[54] Mark the contrast of expression between this general statement, “And they shall fall,” &c., and the particular and restricted statement in verse 35, “And out of them of understanding some shall fall.” &c. See my Note 452 on the word, p. 47.

[55] See my Note 447 p. 47

[56] Wintle does not give this translation in support of the historical explanation that I advocate; for he has followed Bishop Newton in his view of the prophecy. For some corroboration to it, see the ancient Greek and Latin versions in the top Note 442 p. 46.

[57] So it had been foreshown to Daniel previously. “And He (the Messiah) shall confirm the covenant with many for one week; and in the midst of the week he shall cause the sacrifice and oblation to cease,” &c. Dan. ix. 27. - I can scarcely err, I think, in supposing that this previous prophecy was remembered and applied by Daniel, while hearing the Angel’s present revelation.

[58] Matt. xxiii. 13-33: “Woe unto you, scribes and Pharisees, hypocrites,” &c.: xv. 7, 8; “Ye hypocrites, well did Essias prophecy of you, saying, This people draweth nigh unto me with their mouth, and honoureth me with their lips, but their heart is far from me.” - Compare Rom. ii. 23, written by St. Paul, characteristically in like manner of his nation, a few years later; “Thou that makest thy boast of the law, through breaking the law dishonourest thou God?” Compare too the prediction in Isa. xxix. 13, 14, declaring that the curse of moral blindness would be adjudged and attach to this dissembling people; even with the light shinning around them.

[59] One grand division of the Jews, - the most horrid and blood-thirsty perhaps of all during the siege, - was that of the zealots for the law.

[60] Compare Isa. viii. 14, 15; “And he shall be . . for a gin and a snare to the inhabitants of Jerusalem; and many among them shall stumble, and fall, and be broken, and be snared, and be taken.”

[61] The phrase is one, I believe (I mean with the noun, the verb, and the possessive pronoun all together) by no means common. A somewhat near parallel occurs in Isaiah xl. 9, “Say unto the cities of Judah, Behold your God!” - a prophecy of the ultimate revelation of Jesus to them, as their Messiah the Lord Jehovah. - The passage in Isa. xi. 9, about the knowledge of Jehovah filling the earth,” is also a partial parallel; though the possessive pronoun is wanting. And there too Christ seems to be meant. So also in Isa. liii. 7, “That saith unto Zion, Thy God reigneth.” And Jer. xxxi. 34, “They shall teach no more every man his neighbor, saying, Know the Lord,” &c.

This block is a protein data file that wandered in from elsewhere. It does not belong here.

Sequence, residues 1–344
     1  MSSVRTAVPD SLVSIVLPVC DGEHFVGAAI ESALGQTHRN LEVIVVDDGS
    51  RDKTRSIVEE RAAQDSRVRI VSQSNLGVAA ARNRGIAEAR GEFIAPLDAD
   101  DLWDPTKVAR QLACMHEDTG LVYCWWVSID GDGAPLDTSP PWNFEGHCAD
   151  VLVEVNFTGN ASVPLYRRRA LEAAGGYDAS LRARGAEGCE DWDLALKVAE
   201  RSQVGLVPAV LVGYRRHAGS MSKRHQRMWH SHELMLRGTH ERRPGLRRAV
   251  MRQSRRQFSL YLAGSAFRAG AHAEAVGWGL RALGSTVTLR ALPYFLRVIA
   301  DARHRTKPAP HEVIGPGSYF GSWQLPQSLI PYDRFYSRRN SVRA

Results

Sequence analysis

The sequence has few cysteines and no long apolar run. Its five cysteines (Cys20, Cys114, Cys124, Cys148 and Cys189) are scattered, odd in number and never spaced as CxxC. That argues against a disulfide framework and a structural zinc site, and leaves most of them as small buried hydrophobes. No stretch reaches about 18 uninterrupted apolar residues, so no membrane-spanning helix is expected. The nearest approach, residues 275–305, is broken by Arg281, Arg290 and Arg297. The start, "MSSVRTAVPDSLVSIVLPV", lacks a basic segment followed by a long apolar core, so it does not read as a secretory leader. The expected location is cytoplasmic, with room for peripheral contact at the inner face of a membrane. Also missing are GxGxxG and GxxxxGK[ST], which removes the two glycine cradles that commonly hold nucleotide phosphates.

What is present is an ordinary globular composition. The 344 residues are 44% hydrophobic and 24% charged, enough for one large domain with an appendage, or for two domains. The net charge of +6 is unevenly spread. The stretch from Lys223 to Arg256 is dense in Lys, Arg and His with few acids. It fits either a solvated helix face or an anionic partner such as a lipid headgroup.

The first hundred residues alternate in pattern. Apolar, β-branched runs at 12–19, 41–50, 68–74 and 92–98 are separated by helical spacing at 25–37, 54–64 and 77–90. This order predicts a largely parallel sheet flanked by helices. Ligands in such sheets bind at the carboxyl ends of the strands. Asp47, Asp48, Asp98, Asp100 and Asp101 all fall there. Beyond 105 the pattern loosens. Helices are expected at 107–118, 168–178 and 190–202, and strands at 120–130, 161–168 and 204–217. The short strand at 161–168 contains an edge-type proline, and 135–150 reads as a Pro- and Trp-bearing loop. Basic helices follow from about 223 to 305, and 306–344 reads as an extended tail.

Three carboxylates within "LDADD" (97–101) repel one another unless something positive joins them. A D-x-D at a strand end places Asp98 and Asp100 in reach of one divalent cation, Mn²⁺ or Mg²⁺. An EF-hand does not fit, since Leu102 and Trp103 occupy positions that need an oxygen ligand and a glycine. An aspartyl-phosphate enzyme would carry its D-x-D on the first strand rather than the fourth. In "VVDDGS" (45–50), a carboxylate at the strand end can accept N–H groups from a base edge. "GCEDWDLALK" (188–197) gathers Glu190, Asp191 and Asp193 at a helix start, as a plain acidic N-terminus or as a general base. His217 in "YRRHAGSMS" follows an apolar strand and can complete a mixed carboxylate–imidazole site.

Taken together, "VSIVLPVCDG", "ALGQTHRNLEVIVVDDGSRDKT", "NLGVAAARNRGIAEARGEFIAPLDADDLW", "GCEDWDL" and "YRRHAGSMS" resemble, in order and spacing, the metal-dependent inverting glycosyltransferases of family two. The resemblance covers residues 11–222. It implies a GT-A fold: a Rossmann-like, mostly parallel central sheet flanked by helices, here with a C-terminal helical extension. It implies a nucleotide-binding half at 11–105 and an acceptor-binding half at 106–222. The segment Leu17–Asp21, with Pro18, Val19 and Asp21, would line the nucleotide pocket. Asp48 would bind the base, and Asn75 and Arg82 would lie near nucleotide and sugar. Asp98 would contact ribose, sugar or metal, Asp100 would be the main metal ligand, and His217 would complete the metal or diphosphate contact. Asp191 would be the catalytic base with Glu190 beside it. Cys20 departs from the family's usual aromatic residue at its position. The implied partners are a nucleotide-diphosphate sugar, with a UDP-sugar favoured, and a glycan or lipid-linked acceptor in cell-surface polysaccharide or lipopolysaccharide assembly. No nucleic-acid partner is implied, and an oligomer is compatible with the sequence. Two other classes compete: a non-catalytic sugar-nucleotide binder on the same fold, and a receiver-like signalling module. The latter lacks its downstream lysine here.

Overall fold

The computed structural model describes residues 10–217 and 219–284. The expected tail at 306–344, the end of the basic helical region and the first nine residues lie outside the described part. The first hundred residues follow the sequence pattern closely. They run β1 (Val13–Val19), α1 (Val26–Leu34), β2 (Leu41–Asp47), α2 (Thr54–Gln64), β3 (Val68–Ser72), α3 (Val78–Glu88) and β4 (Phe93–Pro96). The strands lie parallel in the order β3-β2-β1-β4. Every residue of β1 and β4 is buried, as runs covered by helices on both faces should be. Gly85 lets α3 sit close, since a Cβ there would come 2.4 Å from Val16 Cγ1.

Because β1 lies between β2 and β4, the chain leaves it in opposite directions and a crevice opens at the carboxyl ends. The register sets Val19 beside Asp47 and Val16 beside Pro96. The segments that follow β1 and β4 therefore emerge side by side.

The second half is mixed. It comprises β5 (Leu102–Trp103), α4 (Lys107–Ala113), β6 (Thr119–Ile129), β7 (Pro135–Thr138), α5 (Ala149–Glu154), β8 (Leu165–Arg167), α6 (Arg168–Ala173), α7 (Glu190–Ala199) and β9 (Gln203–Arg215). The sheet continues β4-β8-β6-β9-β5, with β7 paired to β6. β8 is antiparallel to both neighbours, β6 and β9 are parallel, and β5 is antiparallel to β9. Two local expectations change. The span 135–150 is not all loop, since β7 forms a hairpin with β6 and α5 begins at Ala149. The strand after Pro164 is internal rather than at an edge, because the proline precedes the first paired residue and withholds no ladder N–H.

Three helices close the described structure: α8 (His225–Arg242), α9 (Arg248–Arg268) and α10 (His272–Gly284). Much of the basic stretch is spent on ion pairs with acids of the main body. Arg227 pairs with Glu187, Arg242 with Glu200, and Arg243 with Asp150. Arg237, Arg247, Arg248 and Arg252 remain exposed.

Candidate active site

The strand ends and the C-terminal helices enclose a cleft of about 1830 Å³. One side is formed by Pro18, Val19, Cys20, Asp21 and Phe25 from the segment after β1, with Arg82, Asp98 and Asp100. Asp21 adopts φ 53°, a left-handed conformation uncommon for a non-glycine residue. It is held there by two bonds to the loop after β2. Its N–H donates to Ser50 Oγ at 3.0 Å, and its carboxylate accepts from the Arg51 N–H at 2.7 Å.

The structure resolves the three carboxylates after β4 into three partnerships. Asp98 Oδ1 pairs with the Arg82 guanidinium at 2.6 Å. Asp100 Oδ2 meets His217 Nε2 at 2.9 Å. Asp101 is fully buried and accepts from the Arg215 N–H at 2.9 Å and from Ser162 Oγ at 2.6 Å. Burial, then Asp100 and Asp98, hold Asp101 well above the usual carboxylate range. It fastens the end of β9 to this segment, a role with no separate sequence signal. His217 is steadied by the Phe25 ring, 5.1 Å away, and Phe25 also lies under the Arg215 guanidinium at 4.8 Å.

[62] “He was in the world, and the world was made by him, and the world knew him not. He came unto his own, and his own received him not. But as many as received him, (and which were born not of blood. . . but of God,) behold his glory, the glory as of the only-begotten of the Father:” &c. John i. 10-14. - Compare too 1 Cor. ii. 7, “We speak the wisdom of God in a mystery, . . which none of the princes of this world knew; for had they known it, they would not have crucified the Lord of glory. . . But God hath revealed it to us by his Spirit.” And John xiv. 9; “He that hath seen me hath seen the Father:” and Col. ii. 9; “In him dwelleth all the fullness of the godhead bodily.”

[63] 1 Tim. iii. 16, “And without controversy great is the mystery of godliness: God was manifest in the flesh, justified in the Spirit, seen of angels, preached unto the Gentiles, believed on in the world, received up into glory.”.

[64] I borrow the words “be scattered” and “indignation” from the verses xi. 36, xii. 7 infr

[65] See note 457, p. 48.

[66] Wintle translates “a king;” but the Hebrew has the article.(the l,m,) As before noted, p. 47, he prefixes here the last clause of verse 35, thus; “For still for an appointed time a [the] king shall even appoint(-ment, a time),{3259}d["y; act, &c.”

[67] A phrase used before of Alexander the Great, verse 3; and also of Antiochus the Great, verse 16, with reference to the time of his success. Hence, as observed p. 44, the impropriety here of the title of willful king, especially as a distinctive one.